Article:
Last week, the iconic Olive Mumbai completed 21 years. In a city where even popular dining hotspots don’t last beyond three to five years—and a promising few, like Qualia and Le15 Cafe, shut shop in the pandemic—celebrating such a milestone birthday is reassuring. Founder AD Singh, who turned 61 in November, opened Olive in 2000 when the concept of al-fresco dining in Mumbai’s suburbs was unheard of. The cool crowd was in SoBo (South Bombay), hanging out at Indigo or the nightclub Fire N Ice in Lower Parel. Singh took a risk and twenty years later it paid off.
In an interview with Lounge, the restaurateur who loves a good salad, talks about creating a dining space that goes beyond food and toasts to la dolce vita.
It has been 21 years, how are you feeling?
The other day, I was at a close friend's birthday party. She used to frequent Olive in the early days, and now her son, who just turned 18, does the same. We have been seeing this a lot—20 years ago Olive was a favourite with parents and now their children are fans. It’s the single most satisfying thing for me.
When you opened Olive in 2000, what did you have in mind?
It was on a family holiday in Phuket with family, when I found myself sitting at the same restaurant every day. I liked their laidback vibe with good food accompanied by great music. I thought a concrete jungle like Mumbai needed an oasis like that. When I opened Olive, it was to infuse it with that essence of Italian la dolce vita—laughter, conversation, great foods, fresh flowers, and maybe you could dance around your table if you wanted to.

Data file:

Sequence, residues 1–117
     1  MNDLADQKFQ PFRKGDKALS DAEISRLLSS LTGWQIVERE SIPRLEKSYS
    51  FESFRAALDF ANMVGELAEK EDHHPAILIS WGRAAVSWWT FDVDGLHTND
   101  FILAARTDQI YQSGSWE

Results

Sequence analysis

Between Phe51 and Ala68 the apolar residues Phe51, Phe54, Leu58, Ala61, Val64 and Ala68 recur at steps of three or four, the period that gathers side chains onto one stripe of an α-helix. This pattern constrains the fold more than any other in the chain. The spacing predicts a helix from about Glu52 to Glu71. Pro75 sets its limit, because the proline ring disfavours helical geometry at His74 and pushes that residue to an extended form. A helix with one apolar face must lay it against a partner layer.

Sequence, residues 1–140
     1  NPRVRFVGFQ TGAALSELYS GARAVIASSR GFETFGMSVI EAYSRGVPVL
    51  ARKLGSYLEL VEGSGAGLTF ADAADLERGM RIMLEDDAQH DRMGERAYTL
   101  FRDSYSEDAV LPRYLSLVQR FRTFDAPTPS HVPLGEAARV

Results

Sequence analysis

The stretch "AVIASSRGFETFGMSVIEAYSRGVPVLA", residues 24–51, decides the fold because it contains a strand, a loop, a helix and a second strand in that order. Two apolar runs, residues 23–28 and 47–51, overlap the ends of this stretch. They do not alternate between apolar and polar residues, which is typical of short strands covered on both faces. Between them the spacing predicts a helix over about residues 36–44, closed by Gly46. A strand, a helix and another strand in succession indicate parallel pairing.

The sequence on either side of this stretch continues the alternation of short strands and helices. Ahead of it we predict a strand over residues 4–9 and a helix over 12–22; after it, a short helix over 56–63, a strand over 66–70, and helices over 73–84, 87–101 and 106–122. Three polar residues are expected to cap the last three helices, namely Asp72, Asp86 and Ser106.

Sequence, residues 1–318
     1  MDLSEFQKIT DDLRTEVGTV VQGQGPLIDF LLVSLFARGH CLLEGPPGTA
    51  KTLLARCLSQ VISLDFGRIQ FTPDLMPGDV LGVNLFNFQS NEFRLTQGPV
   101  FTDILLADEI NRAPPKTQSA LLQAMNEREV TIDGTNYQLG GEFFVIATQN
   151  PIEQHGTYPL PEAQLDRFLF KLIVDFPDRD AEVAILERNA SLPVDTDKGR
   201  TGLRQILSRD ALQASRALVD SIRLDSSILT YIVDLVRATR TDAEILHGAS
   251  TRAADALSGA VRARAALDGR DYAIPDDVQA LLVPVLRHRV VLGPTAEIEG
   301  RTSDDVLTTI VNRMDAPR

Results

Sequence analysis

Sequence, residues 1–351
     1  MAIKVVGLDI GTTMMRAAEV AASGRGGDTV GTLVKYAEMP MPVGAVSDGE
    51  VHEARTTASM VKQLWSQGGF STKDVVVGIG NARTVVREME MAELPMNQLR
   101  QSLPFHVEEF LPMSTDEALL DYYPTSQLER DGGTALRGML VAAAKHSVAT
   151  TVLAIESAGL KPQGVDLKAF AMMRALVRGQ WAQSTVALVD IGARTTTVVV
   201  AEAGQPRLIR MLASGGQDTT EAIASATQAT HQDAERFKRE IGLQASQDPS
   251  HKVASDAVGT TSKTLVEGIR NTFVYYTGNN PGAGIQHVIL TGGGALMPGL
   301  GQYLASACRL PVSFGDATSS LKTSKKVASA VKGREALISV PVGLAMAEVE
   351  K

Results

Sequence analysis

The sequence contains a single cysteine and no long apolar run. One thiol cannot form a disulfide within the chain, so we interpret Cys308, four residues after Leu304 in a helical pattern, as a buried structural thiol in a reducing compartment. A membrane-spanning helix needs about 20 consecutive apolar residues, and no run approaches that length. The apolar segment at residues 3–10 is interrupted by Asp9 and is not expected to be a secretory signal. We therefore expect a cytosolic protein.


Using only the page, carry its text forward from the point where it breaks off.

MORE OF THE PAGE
What’s your recipe for creating dining spaces which go beyond food and let guests ‘dance around the table’?
It was the vision that I had. Why does a restaurant need to be quiet and only food-focussed? I was around 40 years old when Olive opened and discos or loud bars didn’t appeal to me. I loved places where one could eat, drink and have a fun evening. Over the years, we built a community and I wanted to offer them experiences that they were interested in. In the early years of Olive Mumbai, there were two big developments—wine and art. It was the time when Sula and Grovers were expanding as home-grown wine labels. We worked a lot with wines by organising classes and tasting sessions for our customers. And, I believe it helped the wine revolution at the restaurant level. We also found our guests were developing an interest in art. So, we opened an art initiative where Anjolie Ela Menon gave a talk about buying art. In 2001, we started our bar nights on Thursday and they still exist, which is fantastic. I’d say we are India’s first lifestyle restaurant which is much more than just serving good food and great service.
What is the one thing that changed about you in 21 years as a business person?
I’ve become more flexible. It’s a dynamic industry and you’ve to be adaptable, offer products as the market changes and course correct as you go along.
Few years ago, you took a break due to health reasons. How did you bounce back?
It was strange because I eat well and exercise regularly. In 2018, I got some sort of virus which led to encephalitis and meningitis. It started with a fever and all my reports were fine. One night, I went to sleep and about two weeks later woke up in an ICU. I saw my friends and family around my bed and thought what fun! I didn’t know what had happened and how close I had come to the end. I was in the hospital in March-April and after a recovery period of five-six weeks, I resumed work. Slowly, I started swimming and got back to my workouts. Over the many years, I have created a life where I don’t have regrets. I work very hard, but make time for my family and close friends. During those weeks of recovery, I evaluated my life to find if I needed to change anything. And, there was nothing that I wanted to change.
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